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More Sources Expressing Alarm at the Budgetary Fate of the 2020 Census

The Trump Administration's draft budget blueprint allotted a 10 percent increase in funding for the Census Bureau, but experts say that's not nearly enough funding in context of the decennial census's ten-year cycle.
April 13, 2017, 6am PDT | James Brasuell | @CasualBrasuell
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Baker, California
The "World's Largest Thermometer," located in Baker, California, is also a large metaphor.

"The Census Bureau was labeled as one of the few 'winners' in the 2018 budget blueprint from President Donald Trump because a proposed 10% hike contrasted with the deep cuts at most civilian agencies," writes Jeffrey Mavis in an article for Science. "But advocates for the government’s largest statistical agency say that view is very misleading, and that Trump’s request for an additional $130 million actually jeopardizes the upcoming decennial census and other important surveys."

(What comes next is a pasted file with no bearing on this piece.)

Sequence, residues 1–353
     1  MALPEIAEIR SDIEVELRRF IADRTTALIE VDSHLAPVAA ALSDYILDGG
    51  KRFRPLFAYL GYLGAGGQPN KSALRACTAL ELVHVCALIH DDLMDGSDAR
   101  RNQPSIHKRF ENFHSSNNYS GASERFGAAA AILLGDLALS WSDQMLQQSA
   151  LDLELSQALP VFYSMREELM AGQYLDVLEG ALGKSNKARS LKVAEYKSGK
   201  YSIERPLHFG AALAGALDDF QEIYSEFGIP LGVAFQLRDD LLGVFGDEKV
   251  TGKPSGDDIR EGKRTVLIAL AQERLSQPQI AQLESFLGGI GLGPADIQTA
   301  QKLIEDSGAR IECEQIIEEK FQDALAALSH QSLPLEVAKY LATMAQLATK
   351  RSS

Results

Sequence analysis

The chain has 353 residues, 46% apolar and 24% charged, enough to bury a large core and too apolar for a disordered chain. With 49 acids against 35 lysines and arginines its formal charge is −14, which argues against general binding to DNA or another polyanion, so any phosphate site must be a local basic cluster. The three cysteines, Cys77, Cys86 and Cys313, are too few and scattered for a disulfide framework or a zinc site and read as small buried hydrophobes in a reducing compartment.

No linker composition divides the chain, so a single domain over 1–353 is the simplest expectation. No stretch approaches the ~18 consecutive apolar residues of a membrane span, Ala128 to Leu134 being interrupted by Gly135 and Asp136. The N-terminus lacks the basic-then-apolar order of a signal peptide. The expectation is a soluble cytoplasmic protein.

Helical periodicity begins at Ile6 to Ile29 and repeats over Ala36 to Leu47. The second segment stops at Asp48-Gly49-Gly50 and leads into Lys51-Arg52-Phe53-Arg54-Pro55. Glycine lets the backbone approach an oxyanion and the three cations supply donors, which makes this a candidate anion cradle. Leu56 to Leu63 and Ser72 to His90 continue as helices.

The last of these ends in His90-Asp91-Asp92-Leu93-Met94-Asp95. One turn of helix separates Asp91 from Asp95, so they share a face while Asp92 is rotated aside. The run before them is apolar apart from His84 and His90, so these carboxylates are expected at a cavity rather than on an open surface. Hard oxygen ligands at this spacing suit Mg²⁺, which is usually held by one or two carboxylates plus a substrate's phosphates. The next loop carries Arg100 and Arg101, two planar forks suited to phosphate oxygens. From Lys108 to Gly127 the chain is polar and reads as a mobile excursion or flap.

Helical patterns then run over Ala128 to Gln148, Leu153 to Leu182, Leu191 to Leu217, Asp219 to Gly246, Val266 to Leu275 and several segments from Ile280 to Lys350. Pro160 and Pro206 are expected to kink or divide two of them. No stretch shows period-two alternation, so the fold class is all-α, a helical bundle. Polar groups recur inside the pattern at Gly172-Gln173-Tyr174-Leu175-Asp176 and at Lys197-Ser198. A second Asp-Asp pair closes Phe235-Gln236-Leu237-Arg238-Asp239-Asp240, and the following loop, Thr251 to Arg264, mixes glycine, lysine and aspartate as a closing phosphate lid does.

Troubling issues arise as the U.S. Census Bureau ramps up for the 2020 decennial census. Compare the budget allocation at this moment in the cycle for the 2010 census: "Former President George W. Bush requested the equivalent of a 34% increase in 2008 over 2006 levels," according to Mavis's source. "That compares with Trump’s request for a 10% increase in 2018 over 2016." Also at risk, according to the sources cited by Mavis in the article, are the other surveys conducted by the Census Bureau, such as the five-year census of the country's economic activity, scheduled for later this year.

This latest round of concern joins the alarms raised in a March article by Dwyer Gunn. The 2020 Census already created a political controversy with its publication, at the end of March, of its proposed subjects.

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Published on Monday, March 20, 2017 in Science
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